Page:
It's that time of the year when, having over-indulged over the holiday period, we promise to do better over the next 12 months. Our political leaders have over-indulged for a good deal longer than just a few days, and we can see the cost in the state of the public finances and falling standards of living for most people. So here are a few New Year’s Resolutions which, if they made it into the party manifestos for the coming election, would leave us all feeling healthier.
Bring transparency to taxation
Let’s end the pretence that national insurance is anything other than another form of income tax. It long ago stopped paying for specific benefits and now goes into the general taxation fund. It is time to merge national insurance with income tax, rather than diverting attention with misleading headline cuts in rates.
Honesty over debt and the deficit
Transparency on tax would increase pressure on politicians to use public money wisely. But they also have to come clean about how they will tackle the terrible state of the public finances. Rather than vague promises from all parties that the deficit will be eliminated and debt slashed, the electorate deserves to know how this will be achieved. And how, if tax cuts are promised, they will be afforded.
Lift those on the minimum wage out of tax
It is scandalous that the Exchequer still siphons off tax from the lowest paid. The threshold for national insurance is £2,000 below the £10,000 starting point for income tax. Raising the threshold of the newly-merged national insurance and income tax to the level of the minimum wage would correct this abuse. As a first stage, the starting point for national insurance should be raised to the income tax threshold.
Shift the balance from taxing jobs to taxing profits
Let’s raise the threshold for employers’ national insurance contributions too. This will pay for additional increases in the minimum wage and encourage firms to create more jobs. The cost can be met with a slight increase in corporation tax. The balance has moved too far to taxing jobs rather than profits.
It’s education, not immigration, that’s the problem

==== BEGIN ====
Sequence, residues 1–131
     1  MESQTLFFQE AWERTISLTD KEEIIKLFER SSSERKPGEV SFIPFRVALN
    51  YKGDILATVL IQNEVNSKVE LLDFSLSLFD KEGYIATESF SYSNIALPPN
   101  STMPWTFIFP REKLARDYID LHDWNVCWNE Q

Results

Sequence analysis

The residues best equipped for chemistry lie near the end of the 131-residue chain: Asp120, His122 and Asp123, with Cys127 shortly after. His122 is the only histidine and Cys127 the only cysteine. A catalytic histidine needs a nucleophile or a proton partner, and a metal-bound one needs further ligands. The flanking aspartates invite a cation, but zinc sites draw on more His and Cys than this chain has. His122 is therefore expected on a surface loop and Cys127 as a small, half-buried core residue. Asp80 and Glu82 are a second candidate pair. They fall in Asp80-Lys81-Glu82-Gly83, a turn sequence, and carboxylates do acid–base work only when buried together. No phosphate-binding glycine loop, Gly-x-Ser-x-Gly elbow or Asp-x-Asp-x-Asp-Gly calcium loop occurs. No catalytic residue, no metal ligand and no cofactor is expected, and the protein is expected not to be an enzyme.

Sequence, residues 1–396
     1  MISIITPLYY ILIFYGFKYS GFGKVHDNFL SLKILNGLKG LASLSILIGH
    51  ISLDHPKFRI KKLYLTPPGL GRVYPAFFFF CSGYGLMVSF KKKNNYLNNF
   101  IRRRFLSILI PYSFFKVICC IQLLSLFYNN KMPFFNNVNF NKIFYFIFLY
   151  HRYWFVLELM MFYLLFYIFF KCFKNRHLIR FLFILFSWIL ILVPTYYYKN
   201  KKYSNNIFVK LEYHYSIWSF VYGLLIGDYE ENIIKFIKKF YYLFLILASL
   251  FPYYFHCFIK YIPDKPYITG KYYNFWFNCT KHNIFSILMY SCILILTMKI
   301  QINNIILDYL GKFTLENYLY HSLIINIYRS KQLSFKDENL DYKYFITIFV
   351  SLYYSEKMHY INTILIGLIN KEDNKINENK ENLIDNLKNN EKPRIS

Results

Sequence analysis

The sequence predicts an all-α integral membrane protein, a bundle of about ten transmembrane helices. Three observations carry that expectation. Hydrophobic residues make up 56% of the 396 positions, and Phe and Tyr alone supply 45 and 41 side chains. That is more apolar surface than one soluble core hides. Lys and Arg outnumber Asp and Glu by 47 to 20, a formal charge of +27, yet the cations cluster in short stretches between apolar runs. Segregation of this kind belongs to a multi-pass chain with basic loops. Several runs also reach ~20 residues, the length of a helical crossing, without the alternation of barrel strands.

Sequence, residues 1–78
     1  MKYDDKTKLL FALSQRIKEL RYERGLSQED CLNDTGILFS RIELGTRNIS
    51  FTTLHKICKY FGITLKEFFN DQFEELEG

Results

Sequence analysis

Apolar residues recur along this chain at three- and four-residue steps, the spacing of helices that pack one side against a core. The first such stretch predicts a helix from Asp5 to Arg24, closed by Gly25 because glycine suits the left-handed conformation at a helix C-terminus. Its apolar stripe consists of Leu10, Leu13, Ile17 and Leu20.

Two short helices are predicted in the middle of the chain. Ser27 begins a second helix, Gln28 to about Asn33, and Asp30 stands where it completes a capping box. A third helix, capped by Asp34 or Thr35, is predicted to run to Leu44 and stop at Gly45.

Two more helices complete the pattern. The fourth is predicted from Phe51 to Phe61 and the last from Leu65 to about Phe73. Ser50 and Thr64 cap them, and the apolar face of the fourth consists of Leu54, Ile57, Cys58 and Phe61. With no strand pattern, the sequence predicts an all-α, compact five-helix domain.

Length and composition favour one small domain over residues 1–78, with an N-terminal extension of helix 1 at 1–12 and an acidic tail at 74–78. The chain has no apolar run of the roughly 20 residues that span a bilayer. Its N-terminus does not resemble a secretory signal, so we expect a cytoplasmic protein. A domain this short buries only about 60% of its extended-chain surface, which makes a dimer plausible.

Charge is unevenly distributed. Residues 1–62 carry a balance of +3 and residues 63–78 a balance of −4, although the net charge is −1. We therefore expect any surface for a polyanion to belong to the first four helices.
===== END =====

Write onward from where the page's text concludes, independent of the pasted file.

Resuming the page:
Let’s stop obsessing about immigration. It’s not new immigrants stopping poor white males getting jobs, but their low achievement at school and their low aspiration. This group, the worst performing at GCSEs, is let down by a lack of focus on their education and future.
Engage with Europe, don’t withdraw
Europe is our biggest market and a major part of our future. We would be stupid to walk away. We should be looking for allies in Europe to reform it so that it can deliver better for all its citizens, not always throwing our toys out of the pram. There are plenty of countries that share our views. We should be making friends, not threatening them.
Recognise the Cold War is back
We need to accept again that the interests of the West and Russia are in conflict but, just as we did before, find a way to live with this reality. It is no good wishing Russia away or ignoring its strategic interests. The country has shown it will fight to protect them. The West has both been too casual in threatening Russian interests, and yet too disunited for the Russians to fear an effective response.
Accept that climate change is real
The scientists aren’t making it up: temperatures and sea-levels are rising. And it is clear that our activities are largely responsible. We owe it to future generations to be much more serious about reducing carbon emissions. If China, whose development is still well behind Europe and North America, can take it seriously, so should the West.
Develop a sensible long-term energy policy
We need an energy policy which cuts emissions, delivers security and keeps down costs. But we are a long way from any of these goals at the moment. Onshore wind and solar are already the most cost efficient forms of energy and they are going to get even cheaper. We should be expanding them, not cutting support or subsidising expensive offshore wind, unproven shale gas production or nuclear power.
Find a storage solution for renewable energy
German politicians provided the financial incentives to ensure that their renewable energy ambitions became a reality. We need the same effort and investment so we can tap into the energy of the sun 24 hours a day. Just imagine how African development could power ahead if we store solar energy. We need an international drive to find this Holy Grail, which is far more important to the world than intergalactic space travel.